Internet of Things- Legal Trends



Internet of Things is a network of interconnected devices that communicate information amongst each other using data and sensors, and work in a coordinated manner to create a technologically enabled ecosystem of various devices. For example, the wearable devices that monitor a person’s vitals; GPS system built within a car that tell the AC at home that the person will be home soon; intelligent home security systems that lock and unlock the house on its own; etc. Such technology is being created and marketed by many service providers, and we have discussed its legal challenges in a previous post. Let us now have a look at the legal trend being followed by various jurisdictions to adapt to the technological advancements.


The European Commission (EC) has been coordinating with the industry, member States, and third-party States to exploit the true potential of IoT for development. The various steps adopted by the EC are:

  • Alliance for Internet of Things Innovation (AIOTI) launched in 2015 to enable the EC to work closely with the players in the IoT industry to create an innovative and technology-driven IoT system.
  • Digital Single Market (DSM) Strategy adopted, to promote interoperability of the component devices
  • Introduced a “Digitising European Industry (DEI)” initiative and published a published a staff working document “Advancing the Internet of Things in Europe” to create a thriving IoT system, human centred IoT approach, and a single market for IoT.
  • EU Data Protection Directive 95/46 that gave data processors some defence against individual claims, now made more stringent under EU Data Protection Regulation.
  • EU Privacy Directives also apply to the IoT industry.



The Federal Govt has adopted non-binding guidance to the players in the industry, necessitating the companies to do it the right way.

  • Federal Trade Commission (FTC) released a report on “The Internet of Things; privacy and security in a connected World”, outlining steps to ensure privacy and security.
  • Federal laws regarding privacy and data protection also apply to IoT domain, and the law relating to cyberspace would also have a major impact.


IoT comes within the domain of the Ministry of Communication and Information Technology, under the Department of Electronics and IT. It is notable that IoT comes as an added boon at the time of introduction of Digital India programme to ‘transform India into digital empowered society and knowledge economy’. The Govt released a Draft Policy on Internet of Things in 2015, with the objectives of creating an IoT industry in India of USD 15 billion by 2020; to undertake Research & development for all the assisting technologies; to undertake capacity development (Human & Technology) for IoT specific skillsets for domestic and international markets; and to develop IoT products specific to Indian needs in the domains of agriculture, health, water quality, natural disasters, etc. The Policy covers:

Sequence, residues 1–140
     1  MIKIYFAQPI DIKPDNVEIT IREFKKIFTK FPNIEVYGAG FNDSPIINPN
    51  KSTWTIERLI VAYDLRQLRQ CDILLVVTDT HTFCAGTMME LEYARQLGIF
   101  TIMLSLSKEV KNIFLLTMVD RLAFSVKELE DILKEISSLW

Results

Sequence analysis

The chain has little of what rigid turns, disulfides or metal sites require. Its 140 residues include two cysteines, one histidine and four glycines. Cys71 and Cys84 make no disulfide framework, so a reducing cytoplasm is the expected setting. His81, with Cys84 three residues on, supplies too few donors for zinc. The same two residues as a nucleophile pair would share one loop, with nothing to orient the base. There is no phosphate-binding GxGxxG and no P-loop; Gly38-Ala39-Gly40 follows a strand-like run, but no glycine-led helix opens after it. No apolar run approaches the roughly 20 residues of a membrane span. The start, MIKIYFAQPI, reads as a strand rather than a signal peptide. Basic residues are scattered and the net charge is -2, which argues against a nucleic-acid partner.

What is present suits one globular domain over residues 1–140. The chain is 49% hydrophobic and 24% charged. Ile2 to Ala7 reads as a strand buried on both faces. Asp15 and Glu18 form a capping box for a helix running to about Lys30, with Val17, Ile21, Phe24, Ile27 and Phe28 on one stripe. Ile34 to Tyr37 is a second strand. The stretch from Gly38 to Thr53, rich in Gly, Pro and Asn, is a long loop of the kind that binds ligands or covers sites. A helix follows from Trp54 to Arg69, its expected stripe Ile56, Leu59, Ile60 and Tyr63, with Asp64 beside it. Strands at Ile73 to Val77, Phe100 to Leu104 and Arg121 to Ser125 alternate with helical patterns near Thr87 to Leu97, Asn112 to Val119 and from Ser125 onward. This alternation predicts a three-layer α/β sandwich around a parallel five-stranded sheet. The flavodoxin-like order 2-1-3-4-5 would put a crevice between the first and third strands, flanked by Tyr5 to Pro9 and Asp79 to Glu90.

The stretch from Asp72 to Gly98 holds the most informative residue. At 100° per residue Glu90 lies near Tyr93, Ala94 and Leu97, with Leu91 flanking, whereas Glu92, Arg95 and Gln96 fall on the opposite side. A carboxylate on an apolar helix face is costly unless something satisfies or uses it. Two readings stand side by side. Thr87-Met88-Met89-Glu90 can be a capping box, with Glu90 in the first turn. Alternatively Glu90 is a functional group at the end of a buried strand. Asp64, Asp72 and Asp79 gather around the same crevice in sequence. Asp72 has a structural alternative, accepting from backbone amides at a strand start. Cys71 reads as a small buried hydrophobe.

• Vertical Pillars: The primary aims sought to be achieved in time, divided into
  • Domain-Specific Applications (Smart City, Smart Water, Smart Environment, Smart Health, Smart Waste Management, Smart Agriculture, Smart Safety, etc.)
  • Incubation and Capacity Building: To build Institutional capacity by promoting experimentations and applications.
  • Standardization: To promote globally acceptable standards relating to technology, process, interoperability and services.
  • Innovation, Research and Development: To fund and promote R&D in specific related fields by identifying core members in each field, initiating cloud based open source projects, and create test labs for integration.
  • Incentives and Engagement: To promote incentives to support companies in the IoT domain, encouraging exports, and participating in IoT Forums such as those of IEEE.


  • Horizontal Supports: The subsidiary support system essential to help the IoT framework to function well.
  • Human Resource Development: To create an Education and Awareness Programme on IoT, also introducing it into University Curriculum.
  • Governance: The new technology requires a new structure of governance to ensure compliance, and the Govt purports to achieve it through a multifaceted framework:
  • Legal: New legal provisions would need to be created, and the existing ones amended, to effectively manage the new systems created wherein machines will decide and intermediary human control will be minimum.
  • Advisory Committee: To set up a high-level advisory committee with representatives from Govt, industry and academia.
  • Governance Committees: To set up High-Level Governance Committees for different application domains.
  • Programme Management Unit: To set up Management Units to support in identification, operationalization, implementation, performance tracking, periodic reviews, etc. of initiatives.


It may be noted that IoT is evolving and developing, and its full practical impact on the market and society will be felt only one the ripples reach far and wide. The law and regulatory framework will thus have to stay equally potent in corresponding evolution. The Govts across the world are currently attempting to utilise the benefits of IoT to attain better developmental goals, at the same time not jeopardizing privacy, security, and data protection concerns.


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